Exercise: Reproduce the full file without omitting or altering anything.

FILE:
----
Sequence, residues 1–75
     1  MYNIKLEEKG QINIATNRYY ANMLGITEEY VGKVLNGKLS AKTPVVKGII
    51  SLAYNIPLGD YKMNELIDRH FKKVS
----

Sequence, residues 1–75
     1  MYNIKLEEKG QINIATNRYY ANMLGITEEY VGKVLNGKLS AKTPVVKGII
    51  SLAYNIPLGD YKMNELIDRH FKKVS